The wheelabrator, which acts like a “giant washing machine,” uses steel shot to blast off old paint and rust. From there, the mechanics will check to see if corrosion or wear have eaten away too much of the metal on any link using a set of gauges.
Additionally, they look to see if the links have stretched too far, look for cracks and search for any sign of surface wear or metal fatigue. The riggers can lift a shot into the air, allowing them to also use a hammer to listen for sounds that tell them the metal inside remains solid.
However, if a link is bad, the forge team will cut the sides with a torch to free the links on either side and then replace it with another link. A whole shot can be rejected and the vessel would be required to order a new one if enough links don’t meet specifications.
After passing inspection, the team then moved the chains back to the wheelabrator to remove any flash corrosion due to the nearby water before painting. The shots are afterwards moved to an area for the painters with spray equipment and protective cloths.
“When a job comes up, we all step up to do our part to get the job done with first-time quality so the chains can get back to what they are intended to do,” said Dalton.
Other NNSY Shop 71 News
Last year, the NNSY’s Paint and Blasting Shop (Code 970, Shop 71) received an equipment upgrade. In adopting a Critical Coat Blast Booth, Shop 71 says that it has already noted improvement in energy savings, material costs and reports that the equipment will require fewer working hours to complete various painting and blasting operations.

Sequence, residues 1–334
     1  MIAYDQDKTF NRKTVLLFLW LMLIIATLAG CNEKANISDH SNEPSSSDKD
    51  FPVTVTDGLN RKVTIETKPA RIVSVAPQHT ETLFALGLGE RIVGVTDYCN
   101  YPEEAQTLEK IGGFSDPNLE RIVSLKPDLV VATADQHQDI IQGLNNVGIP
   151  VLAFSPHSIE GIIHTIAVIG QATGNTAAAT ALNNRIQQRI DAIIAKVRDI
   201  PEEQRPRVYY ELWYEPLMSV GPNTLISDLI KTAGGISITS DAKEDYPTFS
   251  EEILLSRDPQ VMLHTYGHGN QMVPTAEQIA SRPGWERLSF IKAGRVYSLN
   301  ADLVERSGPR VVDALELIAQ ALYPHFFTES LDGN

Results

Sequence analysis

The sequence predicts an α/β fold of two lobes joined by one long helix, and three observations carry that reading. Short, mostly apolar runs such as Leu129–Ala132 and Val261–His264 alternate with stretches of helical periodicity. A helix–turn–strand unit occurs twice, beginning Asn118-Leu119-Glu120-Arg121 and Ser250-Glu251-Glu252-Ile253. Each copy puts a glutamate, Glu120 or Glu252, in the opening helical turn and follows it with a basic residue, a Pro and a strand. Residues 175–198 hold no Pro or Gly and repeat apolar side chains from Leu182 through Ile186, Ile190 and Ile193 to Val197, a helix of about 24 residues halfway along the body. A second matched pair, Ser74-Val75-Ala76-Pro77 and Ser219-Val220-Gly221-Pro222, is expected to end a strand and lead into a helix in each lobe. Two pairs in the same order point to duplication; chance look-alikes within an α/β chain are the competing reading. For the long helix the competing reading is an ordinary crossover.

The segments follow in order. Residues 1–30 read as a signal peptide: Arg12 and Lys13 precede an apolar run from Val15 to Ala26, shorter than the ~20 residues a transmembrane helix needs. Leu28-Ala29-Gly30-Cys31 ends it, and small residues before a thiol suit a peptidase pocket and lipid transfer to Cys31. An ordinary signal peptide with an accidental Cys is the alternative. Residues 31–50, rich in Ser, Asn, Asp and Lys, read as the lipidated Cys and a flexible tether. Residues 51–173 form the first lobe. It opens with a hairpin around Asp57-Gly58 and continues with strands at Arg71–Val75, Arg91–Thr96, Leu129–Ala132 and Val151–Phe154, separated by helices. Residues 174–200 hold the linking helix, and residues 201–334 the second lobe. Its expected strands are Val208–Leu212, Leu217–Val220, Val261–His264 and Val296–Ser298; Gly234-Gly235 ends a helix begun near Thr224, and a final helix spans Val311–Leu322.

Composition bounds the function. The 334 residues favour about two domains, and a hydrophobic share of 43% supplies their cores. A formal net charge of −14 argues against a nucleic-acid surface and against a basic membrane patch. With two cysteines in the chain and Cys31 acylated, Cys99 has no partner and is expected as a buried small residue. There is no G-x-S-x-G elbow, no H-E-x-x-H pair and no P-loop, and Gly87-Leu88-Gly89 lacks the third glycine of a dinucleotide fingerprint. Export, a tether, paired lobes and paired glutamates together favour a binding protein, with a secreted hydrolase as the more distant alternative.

Reported to be a fully enclosed 7 feet by 8 feet by 14 feet cubic blasting area, the Critical Coat Blast Booth is environmentally controlled using heating, ventilation and air conditioning equipment used to meet surface preparation requirements. This is achieved through the equipment’s use of media to physically blast different metals such as steel or aluminum surfaces.
Due to its rugged design, the blast booth is primarily designed to use aluminum oxide blast media but can blast other types of media as well. Thanks to the equipment’s light efficiency bag-filter house, blast grit light enough to be lifted through the air is filtered out, while also saving energy through its ability of not having to recondition the air.
As for materials heavier than the air, these items then fall through the floor grates and are swept to a reclaim system, which then sifts, strains and separates blast media from undesired items such as dust, bolts, wire-ties and anything too large. This replenishment is accomplished through the addition of new media through the floor sweepers.
To access the booth, users can enter by using a personnel door on the side and fully opening double doors on the end. Code 970 Inside Shops Preservation Zone Manager Tracy Robinson expanded on the booth’s design, stating that the equipment is vital in supporting smaller critically coated jobs, which are described as being components removed from the ship from “critically coated areas” that are not accessible for preservation when the vessel is underway or in service.
In addition, these components are also critical in the sense that once they are exposed to harsh environments, they become very corrosion prone once introduced to a fully submerged area such as a potable water tank, which holds water for the crew’s drinking water and water used for food preparation.